This week I join all in congratulating those that have been offered the prestigious Chevening scholarship offered by the UK government to future leaders and game changers from across the globe.
As a former Chevener myself, I thought it was important to share my experiences from the 15 months that I spent in London studying International Relations at the University of Westminster’s Regent Campus.
Once you arrive in the United Kingdom, you will realise that the tag you have as a Chevener exerts more pressure on you to perform well in class. Before you realise, your personal tutors and lecturers will have known that you are a Chevener, a future leader and game-changer in their eyes.
I felt this pressure in Professor David Chandler’s Beyond International Relations classroom, a class where we deconstructed International Relations from the state-centric perspective, challenging that there is more to politics and statecraft than power and the Machiavellian plays that make politics what it is.
To get you inside Prof. Chandler’s brain, he argues, recently in an article that humans are the disease and Covid-19 is the cure. To him, the virus is a message from nature that humanity is bringing these crises upon itself. He challenges that the human, whose resilience presupposes, a subject capable of reason and responsibility, is seen as a hubristic and problematic fiction in the face of the pandemic.
Sorry, I digressed but that’s how Prof. Chandler made us think and question things. He wanted us to think both outside the box and even sideways. Now, such a man knows that you are a Chevener and one day he tells the class: “Pi was given the prestigious Chevening award meant for future leaders.”
However, pay more attention to lessons outside the classroom while in the UK. You will learn how valuable the word “Please” is. You can be denied a service or served reluctantly if you ask for something without putting the word please at the end. Practice using the word before you fly out.
When going to catch a Tube, you will value the power of respect which we, as Africans, have grown up with. Offer your seat to pregnant mothers, the elderly and the handicap. When disembarking and heading for the escalators, keep right so that those in a rush use the left side. It is that orderly.
Make friends as much as you can so that you can learn more from other cultures. It is through friends that you will learn a lot. Be free. You will go out, with classmates, for drinks but when it comes to paying or ordering everyone will act individual. Just play along. Students don’t throw rounds.
You will hear your flatmate talking about taking a shift over a weekend or at night. Find a job as soon your grades settle and you are certain you can juggle school with work. It is while you start taking those shifts that you will also respect the value of money. Earning £10 per hour like I did at a Wetherspoon pub at London’s Leicester Square, there was no way I could spend that money aimlessly.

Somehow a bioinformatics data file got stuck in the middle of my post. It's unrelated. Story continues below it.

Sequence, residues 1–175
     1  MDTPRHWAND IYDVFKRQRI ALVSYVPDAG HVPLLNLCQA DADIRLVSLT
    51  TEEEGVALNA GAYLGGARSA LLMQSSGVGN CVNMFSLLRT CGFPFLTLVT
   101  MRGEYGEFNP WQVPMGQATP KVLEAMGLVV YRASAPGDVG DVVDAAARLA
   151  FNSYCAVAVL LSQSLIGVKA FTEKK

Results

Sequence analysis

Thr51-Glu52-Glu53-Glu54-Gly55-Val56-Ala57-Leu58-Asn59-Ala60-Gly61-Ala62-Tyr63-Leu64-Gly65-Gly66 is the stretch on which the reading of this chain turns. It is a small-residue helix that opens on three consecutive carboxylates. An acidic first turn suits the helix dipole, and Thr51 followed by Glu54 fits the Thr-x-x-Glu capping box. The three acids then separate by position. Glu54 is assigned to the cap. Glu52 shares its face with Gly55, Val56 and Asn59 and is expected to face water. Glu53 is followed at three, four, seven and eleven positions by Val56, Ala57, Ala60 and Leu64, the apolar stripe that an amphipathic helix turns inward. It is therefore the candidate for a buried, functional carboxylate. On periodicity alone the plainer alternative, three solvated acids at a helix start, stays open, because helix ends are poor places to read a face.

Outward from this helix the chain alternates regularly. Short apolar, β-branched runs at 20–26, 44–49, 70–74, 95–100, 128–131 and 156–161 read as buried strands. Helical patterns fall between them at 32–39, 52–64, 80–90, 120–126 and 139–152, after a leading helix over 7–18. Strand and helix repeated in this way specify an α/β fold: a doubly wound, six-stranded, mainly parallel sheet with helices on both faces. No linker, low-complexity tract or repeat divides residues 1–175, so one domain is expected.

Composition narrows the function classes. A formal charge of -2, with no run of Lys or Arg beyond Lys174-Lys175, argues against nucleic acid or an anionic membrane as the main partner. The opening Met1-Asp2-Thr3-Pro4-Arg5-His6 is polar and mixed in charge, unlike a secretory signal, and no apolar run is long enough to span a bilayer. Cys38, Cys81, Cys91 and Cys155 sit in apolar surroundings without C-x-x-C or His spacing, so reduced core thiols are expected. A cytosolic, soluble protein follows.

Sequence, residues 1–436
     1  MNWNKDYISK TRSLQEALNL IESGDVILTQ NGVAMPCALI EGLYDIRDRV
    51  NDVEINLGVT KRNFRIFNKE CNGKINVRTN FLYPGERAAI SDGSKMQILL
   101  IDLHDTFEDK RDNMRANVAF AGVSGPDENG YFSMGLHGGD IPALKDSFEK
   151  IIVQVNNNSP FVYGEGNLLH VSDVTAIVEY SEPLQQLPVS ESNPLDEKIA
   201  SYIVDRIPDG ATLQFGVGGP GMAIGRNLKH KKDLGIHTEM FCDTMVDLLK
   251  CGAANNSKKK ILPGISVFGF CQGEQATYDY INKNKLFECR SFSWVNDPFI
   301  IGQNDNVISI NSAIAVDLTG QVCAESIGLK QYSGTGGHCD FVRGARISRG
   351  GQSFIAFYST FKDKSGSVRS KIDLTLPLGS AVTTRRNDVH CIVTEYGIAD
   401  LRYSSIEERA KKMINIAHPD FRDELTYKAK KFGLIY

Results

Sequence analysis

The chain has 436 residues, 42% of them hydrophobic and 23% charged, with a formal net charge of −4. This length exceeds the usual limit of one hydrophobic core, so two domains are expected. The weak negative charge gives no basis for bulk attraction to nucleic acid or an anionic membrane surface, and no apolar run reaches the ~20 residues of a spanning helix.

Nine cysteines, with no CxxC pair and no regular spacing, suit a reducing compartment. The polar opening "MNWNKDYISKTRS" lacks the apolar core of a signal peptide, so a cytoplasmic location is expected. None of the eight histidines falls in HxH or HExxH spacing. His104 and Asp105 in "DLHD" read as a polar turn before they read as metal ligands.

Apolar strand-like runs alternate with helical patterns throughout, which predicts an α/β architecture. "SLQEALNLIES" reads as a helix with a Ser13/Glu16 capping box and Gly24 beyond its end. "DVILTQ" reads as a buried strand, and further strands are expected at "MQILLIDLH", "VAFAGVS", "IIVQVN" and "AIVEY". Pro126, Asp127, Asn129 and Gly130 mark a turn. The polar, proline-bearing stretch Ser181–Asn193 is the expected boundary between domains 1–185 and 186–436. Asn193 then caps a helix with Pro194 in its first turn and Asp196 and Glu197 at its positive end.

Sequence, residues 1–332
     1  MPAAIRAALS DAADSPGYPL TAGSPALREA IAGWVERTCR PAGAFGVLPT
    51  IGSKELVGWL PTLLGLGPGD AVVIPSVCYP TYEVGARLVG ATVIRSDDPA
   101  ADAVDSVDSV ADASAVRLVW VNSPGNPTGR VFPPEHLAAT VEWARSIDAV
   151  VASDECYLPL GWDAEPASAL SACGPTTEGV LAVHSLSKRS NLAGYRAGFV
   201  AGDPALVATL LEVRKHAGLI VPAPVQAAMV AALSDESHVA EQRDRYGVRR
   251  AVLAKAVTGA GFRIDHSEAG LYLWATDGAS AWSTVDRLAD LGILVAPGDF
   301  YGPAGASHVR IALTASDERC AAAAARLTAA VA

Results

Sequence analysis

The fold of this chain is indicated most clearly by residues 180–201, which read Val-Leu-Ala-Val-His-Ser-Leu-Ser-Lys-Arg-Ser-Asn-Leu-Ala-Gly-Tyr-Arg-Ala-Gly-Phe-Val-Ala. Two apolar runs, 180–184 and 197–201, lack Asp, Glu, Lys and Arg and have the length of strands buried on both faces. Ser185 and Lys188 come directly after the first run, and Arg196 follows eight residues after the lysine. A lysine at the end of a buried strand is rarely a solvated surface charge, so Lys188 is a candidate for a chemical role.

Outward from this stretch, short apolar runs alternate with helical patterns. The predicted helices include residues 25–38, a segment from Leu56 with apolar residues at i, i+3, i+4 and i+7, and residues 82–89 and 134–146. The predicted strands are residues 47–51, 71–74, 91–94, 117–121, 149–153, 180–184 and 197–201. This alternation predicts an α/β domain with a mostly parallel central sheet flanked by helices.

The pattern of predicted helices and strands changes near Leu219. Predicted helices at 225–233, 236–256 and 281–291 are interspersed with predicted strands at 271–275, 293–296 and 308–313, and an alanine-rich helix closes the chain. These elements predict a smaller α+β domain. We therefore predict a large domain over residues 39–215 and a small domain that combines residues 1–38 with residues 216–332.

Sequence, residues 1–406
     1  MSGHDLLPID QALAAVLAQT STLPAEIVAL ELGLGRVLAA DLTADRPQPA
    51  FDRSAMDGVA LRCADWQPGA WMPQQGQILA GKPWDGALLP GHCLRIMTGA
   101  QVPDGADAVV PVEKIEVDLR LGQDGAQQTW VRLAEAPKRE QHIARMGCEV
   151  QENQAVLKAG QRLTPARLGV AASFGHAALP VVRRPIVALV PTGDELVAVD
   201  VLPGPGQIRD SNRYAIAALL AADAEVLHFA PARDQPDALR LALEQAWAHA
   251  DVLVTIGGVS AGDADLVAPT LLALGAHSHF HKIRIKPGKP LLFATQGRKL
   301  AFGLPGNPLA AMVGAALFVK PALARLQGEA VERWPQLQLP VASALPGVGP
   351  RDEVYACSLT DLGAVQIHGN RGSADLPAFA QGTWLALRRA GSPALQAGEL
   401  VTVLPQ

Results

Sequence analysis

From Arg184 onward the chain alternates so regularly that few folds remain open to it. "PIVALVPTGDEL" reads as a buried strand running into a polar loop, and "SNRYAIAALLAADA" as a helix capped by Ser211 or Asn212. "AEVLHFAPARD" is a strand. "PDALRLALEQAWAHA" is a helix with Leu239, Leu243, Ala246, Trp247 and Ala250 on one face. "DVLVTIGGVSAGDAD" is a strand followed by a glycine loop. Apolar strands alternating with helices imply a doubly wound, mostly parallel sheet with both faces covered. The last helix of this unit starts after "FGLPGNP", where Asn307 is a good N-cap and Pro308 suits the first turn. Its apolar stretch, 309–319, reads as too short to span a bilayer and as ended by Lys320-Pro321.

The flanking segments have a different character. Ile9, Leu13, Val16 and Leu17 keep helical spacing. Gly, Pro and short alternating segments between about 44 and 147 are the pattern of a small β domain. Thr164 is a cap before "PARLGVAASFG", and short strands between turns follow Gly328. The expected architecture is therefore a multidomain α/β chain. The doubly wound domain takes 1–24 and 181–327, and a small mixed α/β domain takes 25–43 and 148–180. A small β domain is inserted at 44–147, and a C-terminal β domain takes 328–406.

You will also value the value of time. If you report for work late, you will have complicated the shifts of that day, as well as automatically earned less. Always have an allowance of 40 minutes for your appointments because you have no idea when the northern or central or Picaddily lines will be off schedule.
Most importantly enjoy your time. Hammer those essays with ease. Write with pace and precision. As you write, show them that as much as they speak their language comfortably, but you can write to a higher class and comfortably than they do.
And, chances are high than you will encounter racists, but ignore them with a smile. The biggest weapon in life. Keep going, after all, there is nothing like collective guilty in life. It will not, in anyway, reflect the character of the British people.
I encountered one racist while serving drinks at Wembley Stadium in Sir Bobby Charlton restaurant. The racist did not want to be served by me. I made him uncomfortable as I employed a different tact, still insisting to serve him. I did. I won. He lost. Never give people victory on a silver platter.
So yeah, go there and bring the Merit or Distinction degree, but enjoy life and be free.
As our elders say, he who doesn’t travel thinks his mother is the best cook. Go there and explore, learn, unlearn and relearn.
One important final thing. Language is dynamic and is usually coded and decoded basing on cultural context. Men and women will address you as my love, darling, sweet, honey.
Just chill and cool down. There is nothing romantic attached to it. It is a British thing.
Pilirani Phiri is a multi-faceted seasoned journalist and PR expert. He is currently the communications director in the office of Malawi’s Vice President Dr. Saulos Chilima. He is also the Vice President’s mouthpiece.Follow and Subscribe Nyasa TV :